All industries and government organisations alike are awash with data in this pro-tech age. Be it the University of Tasmania developing a Learning and Management System using data based on students’ study habit, or the Wimbledon Championship utilising data to analyse the sentiments of the viewers in real-time; data has found its usage across varied industries.
Here are 10 industries that make effective use of their data, and how!
Banking sector is always at the risk of fraudulent practices. Monitoring financial markets and use of network analysis helps in detecting and curbing malpractices. Data Science is also used in auditing to detect irregularities, and also manage the customer data and to mitigate financial risks. All of this above and beyond improving customer’s regular banking experience.
Cross-selling, re-marketing, packaged services, customised offers, or personalised products; the additions brought by Data Science to the e-commerce industry are endless. Customer data is being hounded like never before, and products and offerings are hurled on them from all direction possible, depending upon their buying patterns, search histories, and behavioural analysis.
This industry is on a surge and so is the amount of data it is collecting. The products have a relatively short life span while user experience is critical. So the study of consumer behaviour data holds the key for greater user satisfaction and offering of personalized products. However, as a repository of sensitive personal information, the industry is always at risk against data loss and crimes like personality hack.
Financial market is always as fluid as it gets. Integration of mobile feeds, real-time market insights, customer sentiment analysis, transaction details with the historical data is on an all-time high. This is helping the industry in running real-time analytics and automating risk credit management. It is also helping in fighting financial frauds, and predicting market disasters.
For an industry suffering with unusable data and rising costs, Data Science appears as an obvious rescue. Apart from helping analyse large amount of genomic data, it enables leveraging public health data and processing records of past treatments. Coupled with effective use of technology, it further helps in conducting predictive analysis, identifying chronic disease trends, offering personalised treatments, and eventually slashing costs.
This sector has taken a step ahead to combine Data Science with social media, CCTV footages, electoral rolls, and even satellite data to grid the consumer information and behaviour. It helps them in predicting trends, improving their pricing policies, offering personalised products, and thus furthering better customer relationship and loss prevention.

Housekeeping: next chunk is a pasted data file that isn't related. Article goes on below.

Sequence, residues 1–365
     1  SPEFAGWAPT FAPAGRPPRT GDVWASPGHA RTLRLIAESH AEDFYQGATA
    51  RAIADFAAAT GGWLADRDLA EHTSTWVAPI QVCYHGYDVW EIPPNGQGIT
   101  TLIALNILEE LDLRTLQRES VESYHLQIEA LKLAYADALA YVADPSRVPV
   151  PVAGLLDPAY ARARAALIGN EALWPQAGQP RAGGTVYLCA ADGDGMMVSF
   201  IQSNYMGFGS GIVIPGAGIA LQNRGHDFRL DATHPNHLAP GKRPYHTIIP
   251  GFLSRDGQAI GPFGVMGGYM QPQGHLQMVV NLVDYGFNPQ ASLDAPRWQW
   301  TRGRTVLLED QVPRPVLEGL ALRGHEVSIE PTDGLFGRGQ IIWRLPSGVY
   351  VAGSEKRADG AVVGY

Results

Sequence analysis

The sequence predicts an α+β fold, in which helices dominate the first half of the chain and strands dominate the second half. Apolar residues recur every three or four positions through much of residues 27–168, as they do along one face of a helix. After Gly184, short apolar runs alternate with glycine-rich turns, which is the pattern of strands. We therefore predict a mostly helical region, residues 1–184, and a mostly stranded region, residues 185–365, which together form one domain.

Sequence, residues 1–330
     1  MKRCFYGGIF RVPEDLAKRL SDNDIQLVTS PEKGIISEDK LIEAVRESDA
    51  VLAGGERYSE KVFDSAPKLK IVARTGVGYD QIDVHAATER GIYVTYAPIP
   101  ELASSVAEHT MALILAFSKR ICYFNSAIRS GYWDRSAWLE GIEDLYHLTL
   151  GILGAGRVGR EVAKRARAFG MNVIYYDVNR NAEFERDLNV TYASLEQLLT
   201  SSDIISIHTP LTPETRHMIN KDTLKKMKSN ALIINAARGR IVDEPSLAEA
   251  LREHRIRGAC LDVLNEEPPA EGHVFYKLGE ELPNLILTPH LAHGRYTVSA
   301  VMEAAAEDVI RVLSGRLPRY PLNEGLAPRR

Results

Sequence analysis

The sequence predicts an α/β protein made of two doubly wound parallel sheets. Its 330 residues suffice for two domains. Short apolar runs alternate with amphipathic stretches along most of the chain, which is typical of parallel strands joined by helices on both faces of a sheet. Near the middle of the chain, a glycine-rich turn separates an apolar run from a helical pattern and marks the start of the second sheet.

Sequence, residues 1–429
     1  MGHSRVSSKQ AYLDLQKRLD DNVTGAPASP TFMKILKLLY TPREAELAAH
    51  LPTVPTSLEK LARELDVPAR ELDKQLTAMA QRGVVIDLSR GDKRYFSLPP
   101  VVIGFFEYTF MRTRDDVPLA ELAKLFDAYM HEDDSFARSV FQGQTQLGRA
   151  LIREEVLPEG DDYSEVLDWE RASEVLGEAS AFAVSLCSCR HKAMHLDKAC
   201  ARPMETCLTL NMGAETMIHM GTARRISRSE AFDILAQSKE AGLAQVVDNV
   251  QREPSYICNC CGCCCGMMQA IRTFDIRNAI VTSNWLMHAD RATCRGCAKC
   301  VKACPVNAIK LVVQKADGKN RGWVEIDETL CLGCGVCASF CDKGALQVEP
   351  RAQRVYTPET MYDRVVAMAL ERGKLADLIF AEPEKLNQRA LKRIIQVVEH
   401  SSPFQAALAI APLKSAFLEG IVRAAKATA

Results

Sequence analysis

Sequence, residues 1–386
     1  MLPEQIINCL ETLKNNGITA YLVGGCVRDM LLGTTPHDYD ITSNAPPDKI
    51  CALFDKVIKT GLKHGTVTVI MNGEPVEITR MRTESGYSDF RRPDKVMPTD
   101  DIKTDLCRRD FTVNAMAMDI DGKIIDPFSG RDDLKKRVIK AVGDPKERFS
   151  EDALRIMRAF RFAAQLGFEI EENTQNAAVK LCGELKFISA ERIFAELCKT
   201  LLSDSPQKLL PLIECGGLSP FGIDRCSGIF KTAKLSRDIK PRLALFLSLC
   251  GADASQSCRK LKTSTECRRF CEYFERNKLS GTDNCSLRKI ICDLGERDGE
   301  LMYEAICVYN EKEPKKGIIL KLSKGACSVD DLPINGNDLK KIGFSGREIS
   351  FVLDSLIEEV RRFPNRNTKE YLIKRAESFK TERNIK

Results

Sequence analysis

High failure rate of products, medically as well as financially, has marred this industry for ages. Low ‘discovered compound’ to ‘approved drug’ ratio, even lower returns from the approved drugs, and the high costs of research blemishes the revenues of this industry. However, effective use of Data Science has helped reducing this risk by predicting future trends, improving sales and marketing practices, and bettering research.
Data Scientists of the telecom industry spend a lot of time creating sophisticated 360-degree customer profiles. Using demographic as well as behavioural data, the companies are able to strike the chords with their customers. They are also able to optimize their individual network solutions.
Almost every other industry is using customer data for personalised product offering. However, travel takes it further to an ultra-personalised product and service offering. In depth 360-degree view of the customers, as well as a multi-layered data analysis across touch-points helps the companies identify most-valuable customers, cross-sell partner products, and advance highly customised products and services to its customers.
Not particularly an industry, but it does find a place in this list due to large amount of available data, and increased use of technology for better governance in the recent times. Data Science spans across varied purposes such as improving defence systems, preventing cyber-crimes, safeguarding sensitive information, making better financial decisions, and predicting natural disasters.
The list is obviously expandable. Entertainment, energy, retail or biotechnology; all other industries are also realising the importance of data and the science to derive knowledge out of it. Growing competition, technological advances, and an ever-reducing world is paving exciting roads ahead for Data Science.